TORONTO — Major changes to Ontario’s rules on green energy projects will give municipalities a greater say over the location of new wind and solar farms, and a chance to get a slice of the revenue, Energy Minister Bob Chiarelli said Thursday.
“There’s a lot more incentive for municipalities to want to participate,” said Chiarelli.
“They actually now can participate as joint venture partner or a minority partner, and their participation creates a higher likelihood of the project being approved.”
Proponents of large scale green energy developments will have to work with municipalities as part of a new competitive process before they can ask for approval from the Ontario Power Authority.
Those that actually partner with a municipality will be given top priority for approval, while those that don’t get local participation stand little chance of getting the go ahead, said Chiarelli.
“If they don’t have a pre-arrangement with the municipality, they will go way down on the list and won’t likely win the contract,” he said.
Critics pounced on the announcement as all show and no substance, because municipalities won’t have the power to veto new energy projects.
“The Ontario government’s announcement of changes to the renewable energy program is an empty gesture,” said Jane Wilson of Wind Concerns Ontario.
“Communities all over the province have said they are not willing hosts to wind power projects, and the real problems of health impacts and reduced property values.”
The Progressive Conservatives said the fact there is no municipal veto means the changes to the green energy act won’t help local governments.
“You could still have wind farms that a municipality doesn’t want forced on the community, even under these new guidelines,” said Progressive Conservative energy critic Vic Fedeli.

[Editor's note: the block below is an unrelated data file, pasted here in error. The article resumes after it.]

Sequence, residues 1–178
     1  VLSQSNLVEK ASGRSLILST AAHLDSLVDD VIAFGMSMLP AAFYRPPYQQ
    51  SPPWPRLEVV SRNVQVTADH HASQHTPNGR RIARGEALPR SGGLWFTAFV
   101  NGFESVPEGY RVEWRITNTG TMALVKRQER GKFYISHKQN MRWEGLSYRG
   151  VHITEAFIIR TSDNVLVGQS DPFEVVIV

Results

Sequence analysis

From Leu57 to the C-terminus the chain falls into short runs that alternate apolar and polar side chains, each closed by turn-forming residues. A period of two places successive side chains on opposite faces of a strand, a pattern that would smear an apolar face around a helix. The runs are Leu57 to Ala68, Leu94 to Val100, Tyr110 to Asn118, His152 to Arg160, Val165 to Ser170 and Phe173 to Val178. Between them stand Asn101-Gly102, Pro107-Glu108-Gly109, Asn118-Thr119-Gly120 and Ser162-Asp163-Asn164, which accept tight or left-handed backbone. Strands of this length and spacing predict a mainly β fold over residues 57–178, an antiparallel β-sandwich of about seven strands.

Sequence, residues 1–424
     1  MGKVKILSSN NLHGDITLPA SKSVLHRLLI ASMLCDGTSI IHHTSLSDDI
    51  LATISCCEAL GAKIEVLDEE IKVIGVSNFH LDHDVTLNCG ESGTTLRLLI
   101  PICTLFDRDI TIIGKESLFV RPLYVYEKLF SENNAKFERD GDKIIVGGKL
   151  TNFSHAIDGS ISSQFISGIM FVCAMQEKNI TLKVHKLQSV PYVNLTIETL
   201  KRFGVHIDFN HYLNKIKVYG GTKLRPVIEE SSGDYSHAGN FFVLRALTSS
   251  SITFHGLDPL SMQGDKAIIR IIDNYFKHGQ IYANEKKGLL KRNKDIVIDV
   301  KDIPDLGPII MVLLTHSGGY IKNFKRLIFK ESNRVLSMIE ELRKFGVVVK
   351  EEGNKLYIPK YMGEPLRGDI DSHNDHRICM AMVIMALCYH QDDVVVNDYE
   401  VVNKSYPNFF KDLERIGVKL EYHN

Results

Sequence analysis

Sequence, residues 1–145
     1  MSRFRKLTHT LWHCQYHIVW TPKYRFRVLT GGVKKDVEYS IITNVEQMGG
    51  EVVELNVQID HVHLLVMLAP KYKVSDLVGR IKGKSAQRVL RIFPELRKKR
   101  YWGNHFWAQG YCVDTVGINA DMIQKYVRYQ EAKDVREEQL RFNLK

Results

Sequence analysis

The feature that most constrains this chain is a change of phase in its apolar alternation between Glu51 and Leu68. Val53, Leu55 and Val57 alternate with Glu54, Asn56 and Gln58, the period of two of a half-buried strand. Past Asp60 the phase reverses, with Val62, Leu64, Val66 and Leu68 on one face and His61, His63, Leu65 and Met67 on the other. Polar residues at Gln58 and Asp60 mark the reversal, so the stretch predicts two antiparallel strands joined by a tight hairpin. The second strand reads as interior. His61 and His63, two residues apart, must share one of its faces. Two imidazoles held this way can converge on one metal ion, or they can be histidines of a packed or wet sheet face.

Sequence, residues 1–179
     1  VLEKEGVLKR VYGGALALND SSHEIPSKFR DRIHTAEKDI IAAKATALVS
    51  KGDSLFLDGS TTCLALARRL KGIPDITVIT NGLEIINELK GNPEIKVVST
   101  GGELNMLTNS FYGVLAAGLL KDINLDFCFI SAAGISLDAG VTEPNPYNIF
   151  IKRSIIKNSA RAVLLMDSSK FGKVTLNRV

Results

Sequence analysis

“A municipality can control where they put a Tim Horton’s, but not where they put a 500-foot-tall wind turbine.”
The New Democrats said the Liberals angered many smaller and rural communities by not giving them a say about the location of giant wind turbines, which cost the party seats in the 2011 election when they were reduced to a minority government.
“The government made a big mistake by cutting local voices out of the mix when it came to the siting of green energy facilities,” said NDP Leader Andrea Horwath.
“They’re trying to address a problem that they created, and we’ll see if it works or not.”
Premier Kathleen Wynne said she hoped the changes would address the concerns of local politicians who fumed about their lack of authority under the green energy act.
“It’s true that there’s not a veto power involved in this process, but we always have to balance the greater good with the local good,” said Wynne.
“So I hope it meets the needs of the municipalities, but we’re going to work on it and my guess is it’s going to change over time.”
The feed-in-tariff program for so-called “micro” and small green energy installations will remain in place, with priority points awarded to projects that are led by, or in partnership with the local municipality.
The province is looking for another 900 megawatts from micro and smaller green energy projects over the next four years, and hopes to get participation from municipalities, universities, school boards, hospitals and industry, added Chiarelli.
There will also be changes to increase the tax assessments on wind and solar projects, which will mean more tax revenue for municipalities, he said.
Environmentalists applauded the move to generate more electricity from green sources.
“This sends a clear signal that Ontario intends to remain a leader on renewable energy,” said Gillian McEachern of Environmental Defence.
On Wednesday, Chiarelli announced the province would eliminate another key part of its Green Energy Act requiring up to 60 per cent made-in-Ontario content in wind and solar projects to comply with a ruling from the World Trade Organization.
Ontario intends to comply with the WTO ruling, said Chiarelli, but is confident the province’s manufacturing base for green energy components is strong enough now to survive without the regulation.
Japan and the European Union had argued Ontario’s incentives for green energy were illegal because they discriminated against foreign firms, a complaint that was upheld by the WTO.